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Twitter stock falls due to system bugs

Courtesy of Needpix

On Oct. 24, Twitter shares dropped over 19%. Twitter blamed advertising bugs for a big revenue miss in the third quarter. The forecast was $874 million in revenue, but only $824 million was earned. 

This prompted questions from investors about the company’s ability to execute and drive business improvements over the long term, according to MarketWatch. 

As of the market close of Oct. 28, Twitter’s stock price was roughly $30.

“We view Twitter’s issues during Q3/Q4 as largely internal, self-inflicted and fixable over the near term,” wrote MKM Partners analyst Rohit Kulkarni. 

“However, amplified impact on revenues due to a one-time technical bug makes us wonder whether one can confidently have a view on Twitter’s long-term potential.”Twitter’s turnaround has clearly hit a small detour, in our opinion.” 

Kulkarni had a neutral rating and $44 target on the stock, according to a CNBC article.

Despite this setback, Twitter user growth is on the rise and the platform is still attracting users. Twitter added six million users since the previous quarter and 21 million users compared to the same period this time a year ago. 

One of the bugs in question was regarding data collection. A new user to Twitter was asked whether the platform could use device-specific settings to personalize the user’s timeline. 

The platform collected that data, even when the user responded “no” to the prompt. 

The company realized the improper use of user data and shut off the feature entirely, limiting its ability to target and sell ads. This is not profitable, however, yet it is very commendable on their part. 

Companies should strive to be sustainable and earn profits while being socially responsible to all stakeholders they are connected with. 

The CFO Ned Segal spoke at the earnings call about the fragility and the large variability of ad revenue. 

“Although we are working on remediation, there isn’t remediation yet in place and so the effects of that will continue into Q4.”

The company warned shareholders that the headwinds, which were felt for only part of the third quarter, will be felt for the entirety of the fourth quarter and will “continue to weigh on the overall performance of our advertising business in the near term.”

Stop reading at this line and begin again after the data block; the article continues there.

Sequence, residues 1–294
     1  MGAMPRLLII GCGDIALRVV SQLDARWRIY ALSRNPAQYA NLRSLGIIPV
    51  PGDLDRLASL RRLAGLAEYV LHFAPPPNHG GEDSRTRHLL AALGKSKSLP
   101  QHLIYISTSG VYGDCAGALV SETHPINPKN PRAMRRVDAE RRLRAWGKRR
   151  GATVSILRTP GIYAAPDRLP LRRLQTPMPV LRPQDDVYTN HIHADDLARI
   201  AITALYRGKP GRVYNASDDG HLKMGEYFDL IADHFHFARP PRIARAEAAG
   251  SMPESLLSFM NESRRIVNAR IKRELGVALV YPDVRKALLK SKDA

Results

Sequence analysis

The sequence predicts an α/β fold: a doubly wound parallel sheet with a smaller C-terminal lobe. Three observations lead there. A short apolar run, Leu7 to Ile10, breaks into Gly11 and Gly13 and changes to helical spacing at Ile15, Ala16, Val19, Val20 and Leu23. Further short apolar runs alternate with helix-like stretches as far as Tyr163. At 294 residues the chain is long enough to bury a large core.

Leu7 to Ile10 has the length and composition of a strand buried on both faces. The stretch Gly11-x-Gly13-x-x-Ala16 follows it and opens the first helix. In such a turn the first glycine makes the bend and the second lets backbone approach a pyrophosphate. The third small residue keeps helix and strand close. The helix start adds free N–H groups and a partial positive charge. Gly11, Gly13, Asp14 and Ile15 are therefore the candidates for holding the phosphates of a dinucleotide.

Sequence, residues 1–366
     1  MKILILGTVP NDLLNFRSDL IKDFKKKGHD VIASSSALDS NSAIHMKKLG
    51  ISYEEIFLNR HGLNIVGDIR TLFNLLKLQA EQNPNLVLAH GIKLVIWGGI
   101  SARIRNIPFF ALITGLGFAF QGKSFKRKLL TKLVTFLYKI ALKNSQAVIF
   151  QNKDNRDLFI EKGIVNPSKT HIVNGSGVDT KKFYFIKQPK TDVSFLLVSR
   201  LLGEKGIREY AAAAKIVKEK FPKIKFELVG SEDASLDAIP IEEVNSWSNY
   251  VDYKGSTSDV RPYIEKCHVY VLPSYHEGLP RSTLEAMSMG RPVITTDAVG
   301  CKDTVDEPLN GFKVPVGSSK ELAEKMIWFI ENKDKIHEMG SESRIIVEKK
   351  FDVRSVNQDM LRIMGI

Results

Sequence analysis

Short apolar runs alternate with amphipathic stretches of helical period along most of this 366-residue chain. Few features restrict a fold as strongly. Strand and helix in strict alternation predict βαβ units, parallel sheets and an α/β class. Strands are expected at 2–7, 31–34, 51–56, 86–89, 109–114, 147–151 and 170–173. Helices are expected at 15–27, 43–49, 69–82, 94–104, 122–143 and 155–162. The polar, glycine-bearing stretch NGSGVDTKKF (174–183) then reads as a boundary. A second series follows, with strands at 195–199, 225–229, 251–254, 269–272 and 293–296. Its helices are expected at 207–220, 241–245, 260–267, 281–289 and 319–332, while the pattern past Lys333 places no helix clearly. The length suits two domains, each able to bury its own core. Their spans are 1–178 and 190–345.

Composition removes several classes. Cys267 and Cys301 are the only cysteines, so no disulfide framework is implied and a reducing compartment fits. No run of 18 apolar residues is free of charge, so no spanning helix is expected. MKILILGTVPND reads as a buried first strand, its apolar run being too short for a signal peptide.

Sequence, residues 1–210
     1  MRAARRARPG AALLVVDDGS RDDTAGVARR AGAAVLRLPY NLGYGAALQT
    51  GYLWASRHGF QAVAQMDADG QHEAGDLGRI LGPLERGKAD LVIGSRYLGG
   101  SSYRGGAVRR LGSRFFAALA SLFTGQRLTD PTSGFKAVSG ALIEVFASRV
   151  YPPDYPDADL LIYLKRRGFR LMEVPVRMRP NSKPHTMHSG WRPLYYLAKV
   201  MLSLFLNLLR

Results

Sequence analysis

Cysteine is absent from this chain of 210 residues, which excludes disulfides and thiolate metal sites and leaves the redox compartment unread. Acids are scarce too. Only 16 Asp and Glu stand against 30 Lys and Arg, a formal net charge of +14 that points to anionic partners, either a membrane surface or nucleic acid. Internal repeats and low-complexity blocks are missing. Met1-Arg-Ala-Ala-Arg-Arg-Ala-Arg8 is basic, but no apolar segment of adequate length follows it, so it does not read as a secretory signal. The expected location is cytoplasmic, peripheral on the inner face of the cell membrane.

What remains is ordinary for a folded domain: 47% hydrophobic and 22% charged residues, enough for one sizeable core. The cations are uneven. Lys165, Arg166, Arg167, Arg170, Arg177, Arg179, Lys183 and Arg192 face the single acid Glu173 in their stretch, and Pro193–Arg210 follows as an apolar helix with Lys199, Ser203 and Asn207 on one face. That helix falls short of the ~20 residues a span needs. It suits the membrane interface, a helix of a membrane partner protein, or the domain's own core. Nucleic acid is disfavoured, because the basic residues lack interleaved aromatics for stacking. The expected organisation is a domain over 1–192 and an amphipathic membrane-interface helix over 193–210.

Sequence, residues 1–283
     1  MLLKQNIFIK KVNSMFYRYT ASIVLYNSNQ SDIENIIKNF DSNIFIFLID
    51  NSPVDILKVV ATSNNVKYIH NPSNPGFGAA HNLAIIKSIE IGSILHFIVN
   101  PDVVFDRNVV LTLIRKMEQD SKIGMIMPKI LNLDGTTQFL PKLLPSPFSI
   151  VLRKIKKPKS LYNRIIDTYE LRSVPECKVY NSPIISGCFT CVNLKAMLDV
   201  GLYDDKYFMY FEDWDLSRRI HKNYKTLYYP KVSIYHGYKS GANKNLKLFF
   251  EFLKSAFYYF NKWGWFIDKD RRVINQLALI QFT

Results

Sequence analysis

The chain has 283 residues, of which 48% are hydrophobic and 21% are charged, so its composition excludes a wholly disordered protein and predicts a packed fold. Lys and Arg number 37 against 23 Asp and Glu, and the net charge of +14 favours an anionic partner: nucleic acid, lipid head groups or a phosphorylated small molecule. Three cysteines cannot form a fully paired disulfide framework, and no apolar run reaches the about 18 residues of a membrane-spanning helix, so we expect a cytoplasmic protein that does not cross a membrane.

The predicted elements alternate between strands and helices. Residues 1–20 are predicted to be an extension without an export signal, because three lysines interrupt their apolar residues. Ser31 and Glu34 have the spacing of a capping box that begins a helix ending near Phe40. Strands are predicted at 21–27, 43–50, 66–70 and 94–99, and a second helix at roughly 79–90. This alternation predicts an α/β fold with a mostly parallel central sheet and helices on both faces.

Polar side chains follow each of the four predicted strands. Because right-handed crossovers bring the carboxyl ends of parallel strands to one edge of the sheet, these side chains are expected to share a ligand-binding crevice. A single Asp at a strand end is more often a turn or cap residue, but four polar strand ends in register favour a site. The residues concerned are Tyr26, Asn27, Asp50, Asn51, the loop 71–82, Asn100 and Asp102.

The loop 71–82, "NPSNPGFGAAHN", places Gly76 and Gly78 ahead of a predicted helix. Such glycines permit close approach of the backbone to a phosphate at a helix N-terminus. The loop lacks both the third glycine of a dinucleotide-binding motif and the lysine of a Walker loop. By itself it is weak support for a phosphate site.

Depending on how an investor looks at this and their sentiment, this can be a buying or shorting opportunity.

Currently, Twitter is in a growth phase. Aside from user growth, Twitter’s quarterly expenses grew 17% during the period, to $780 million, in part due to hiring and investment in sales, marketing and research and development. 

The company ended the quarter with 4,600 employees, 300 more than at the end of the second quarter. 

The spending does not stop here. The company expects to keep spending for fiscal 2019. 

Twitter is predicting capital expenditures to come in at $550 to $600 million. That’s a major increase of liabilities from $487 million just a year earlier.

With all the noise, setbacks and disappointment, it’s still possible for Twitter to rally back.

Many can learn from the microblogging social network, even about Peter Drucker. 

Drucker, a management consultant, strived to make business leaders see the community as the responsibility of the corporation. 

He called on leaders to embody “the Spirit of Performance” by having high levels of integrity in their moral and ethical conduct, focusing on results, building on their strengths and leading beyond borders to meet the requirements of stakeholders. 

This mentality ultimately serves the common good for investors and users alike.

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